Suu Kyi’s father was Aung San, considered to be the father of modern Burma, who was assassinated when Suu Kyi was just 2 years old in 1948.

In 1988 Suu Kyi returned to Burma, to care for her ailing mother, after studying at Oxford University and marrying a British academic.  She soon became involved with the National League for Democracy.

Although a general election was held in 1990 the military dictatorship refused to recognise the results and Suu Kyi was placed under house arrest until 1995.  It didn’t last long, she was placed under house arrest again in 2000, released in 2002 and re-arrested yet again in 2003.  She was finally released from detention in November 2010.  In the 21 years from 1990 to 2010, Suu Kyi had been under house arrest for 15 of them.

In April 2012 Suu Kyi and other members of the National League for Democracy won parliamentary seats although her struggle for democracy within Burma still persists.

Although she was awarded the Nobel Peace Prize in 1991 it was not until June 2012 that she was finally able to deliver her acceptance speech.  One of her most famous quotes is:
"It is not power that corrupts, but fear. Fear of losing power corrupts those who wield it and fear of the scourge of power corrupts those who are subject to it."
Germaine Greer

Feminism without Germaine Greer is as hard to imagine as Cubism without Picasso or Rock n’ Roll without Elvis Presley.  Greer was at the forefront of the resurgent feminist movement of the 1970s and her book “The Female Eunuch” (1970) became a feminist classic.

Born in Australia in 1939 Greer courted controversy from a very young age and continues to do so today at almost 74 years of age.  With a highly academic background (her PhD is in Elizabethan drama) Greer has lectured in Coventry, Oklahoma and Cambridge.

But it was her book, “The Female Eunuch”, that thrust Greer into the headlines.  The central theme was that society and in particular the nuclear family represses women sexually thus rendering women as eunuchs. Furthermore, she asserted that women were taught to be submissive and so considered themselves as inferior to men.  From today's perspective these sound rather exaggerated ideas, but in the 1970s the claims resounded with thousands of women (and some men).

Much of her thought was informed by Marxism and anarchism (and Greer openly states this) and so although she espoused many freedoms she was wary of institutionalising those freedoms.  In a television interview just four years ago she stated that she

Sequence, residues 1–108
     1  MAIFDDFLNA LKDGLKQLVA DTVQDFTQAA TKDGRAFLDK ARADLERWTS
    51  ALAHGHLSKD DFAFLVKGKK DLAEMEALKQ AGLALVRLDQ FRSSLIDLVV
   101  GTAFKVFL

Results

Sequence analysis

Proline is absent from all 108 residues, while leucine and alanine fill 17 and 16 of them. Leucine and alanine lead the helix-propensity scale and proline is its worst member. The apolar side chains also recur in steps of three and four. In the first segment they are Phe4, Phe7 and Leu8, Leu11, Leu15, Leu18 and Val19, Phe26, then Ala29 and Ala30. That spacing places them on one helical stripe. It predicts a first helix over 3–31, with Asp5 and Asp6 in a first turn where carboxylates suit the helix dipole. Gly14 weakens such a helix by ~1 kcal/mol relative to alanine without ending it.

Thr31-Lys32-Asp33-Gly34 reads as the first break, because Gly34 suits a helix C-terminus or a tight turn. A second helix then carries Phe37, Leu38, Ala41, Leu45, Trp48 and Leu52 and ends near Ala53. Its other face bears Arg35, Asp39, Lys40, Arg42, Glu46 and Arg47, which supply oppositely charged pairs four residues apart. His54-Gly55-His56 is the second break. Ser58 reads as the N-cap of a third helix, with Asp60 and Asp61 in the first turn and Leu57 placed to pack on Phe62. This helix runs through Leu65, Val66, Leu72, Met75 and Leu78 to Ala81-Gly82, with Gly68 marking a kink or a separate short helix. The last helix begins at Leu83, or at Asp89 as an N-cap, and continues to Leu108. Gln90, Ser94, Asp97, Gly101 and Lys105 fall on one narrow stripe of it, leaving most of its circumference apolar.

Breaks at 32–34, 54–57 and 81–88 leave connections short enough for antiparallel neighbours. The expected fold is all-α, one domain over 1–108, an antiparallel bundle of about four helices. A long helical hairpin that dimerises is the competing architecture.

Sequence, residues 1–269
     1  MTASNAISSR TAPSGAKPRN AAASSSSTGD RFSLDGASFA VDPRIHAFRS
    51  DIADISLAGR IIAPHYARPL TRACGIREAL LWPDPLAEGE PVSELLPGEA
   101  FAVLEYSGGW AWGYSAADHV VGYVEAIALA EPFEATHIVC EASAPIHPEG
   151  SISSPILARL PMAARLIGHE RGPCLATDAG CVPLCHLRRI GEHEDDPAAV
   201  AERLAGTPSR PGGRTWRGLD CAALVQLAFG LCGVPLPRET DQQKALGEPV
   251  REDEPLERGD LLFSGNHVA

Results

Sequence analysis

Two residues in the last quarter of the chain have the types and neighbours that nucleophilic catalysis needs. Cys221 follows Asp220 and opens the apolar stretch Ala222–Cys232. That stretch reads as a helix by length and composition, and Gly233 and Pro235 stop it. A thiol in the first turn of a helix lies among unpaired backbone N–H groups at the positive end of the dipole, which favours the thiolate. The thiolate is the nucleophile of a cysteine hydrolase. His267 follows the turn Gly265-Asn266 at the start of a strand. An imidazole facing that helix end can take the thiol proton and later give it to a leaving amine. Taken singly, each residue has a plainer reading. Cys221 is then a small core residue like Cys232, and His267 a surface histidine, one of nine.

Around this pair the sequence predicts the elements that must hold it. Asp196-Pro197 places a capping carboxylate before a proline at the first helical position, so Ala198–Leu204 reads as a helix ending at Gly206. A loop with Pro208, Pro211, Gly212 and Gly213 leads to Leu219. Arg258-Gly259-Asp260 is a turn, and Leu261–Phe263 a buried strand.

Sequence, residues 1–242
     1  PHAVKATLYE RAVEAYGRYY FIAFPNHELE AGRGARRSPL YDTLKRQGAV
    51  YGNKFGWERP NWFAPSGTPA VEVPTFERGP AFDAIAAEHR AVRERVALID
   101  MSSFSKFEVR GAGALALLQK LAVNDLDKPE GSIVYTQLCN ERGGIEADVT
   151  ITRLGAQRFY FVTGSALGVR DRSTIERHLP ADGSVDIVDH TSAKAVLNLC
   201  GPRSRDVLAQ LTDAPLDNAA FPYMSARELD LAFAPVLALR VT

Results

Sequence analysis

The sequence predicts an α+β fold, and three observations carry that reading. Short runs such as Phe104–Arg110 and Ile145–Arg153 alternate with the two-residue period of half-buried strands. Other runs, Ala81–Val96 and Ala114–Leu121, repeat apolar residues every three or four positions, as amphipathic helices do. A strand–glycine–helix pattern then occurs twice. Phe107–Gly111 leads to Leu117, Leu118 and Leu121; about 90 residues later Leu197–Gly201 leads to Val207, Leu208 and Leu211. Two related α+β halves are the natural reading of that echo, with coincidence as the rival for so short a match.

“believe(d) in permanent revolution. I believe that once you change the power structure and you get an oligarchy that is trying to keep itself in power, you have all the illiberal features of the previous regime. What has to keep on happening is a constant process of criticism, renewal, protest and so forth.”
Dame Whina Cooper

Source: Wikipedia
If Dame Whina Cooper is known at all outside her native Aotearoa (New Zealand) it is as the figurehead of the large Maori Land March (hikoi) that marched the length of the North Island in 1975 to protest the continued theft of land.  By the time the marching protesters arrived at Parliament Buildings in Wellington the 80 year-old Cooper had 5,000 marchers behind her.  There, on the steps of Parliament she handed a petition signed by 60,000 people to the New Zealand Prime Minister.

But Dame Whina Cooper was well known within Maoridom well before this.  In 1951 she helped found and became the first president of the Maori Women’s Welfare League, a highly influential and successful organisation that improved the conditions of Maori everywhere, especially those caught in the rural-urban drift trap..  When she stepped down from the presidency she was awarded with the title of Te Whaea o te Motu (Mother of the Nation).  She continued to work for the benefit of Maori people at a more local level until her calling in 1975 to lead the Land March.

Although Dame Whina Cooper’s work focused on the conditions for Maori she became widely respected within New Zealand society and was given the honour of opening the Commonwealth Games in Auckland in 1990.  When she died in 1994 over a million people watched the live broadcast of her tangihanga (funeral) on television.

Rosa Parks

December 1st, 1955 was a turning point in the history of the American Civil Rights movement.  On that day in Montgomery a 42 year old African-American boarded bus number 2857 and sat down in the coloured section.  When a white passenger boarded she refused the bus driver’s order that she give up her seat in the coloured section because the white section was full.  Rosa Parks was arrested.

It wasn’t the first time that buses and discrimination had played a part in Parks’ life.  As a child she and other black students had to walk to school whilst white students took the bus.  As she recalled:

“I’d see the bus pass by every day… the bus was among the first ways I realised there was a black world and a white world.” 

In 1943 she boarded a bus, paid her fare and then had to get off the bus and move to the back to enter via the rear door because there were white people sitting in the front of the bus and she was not permitted to pass them by.  As she walked to the rear of the bus, the driver drove off leaving her to walk home in the rain.  Ironically it was the same driver that ordered her arrest on that day in December 1955.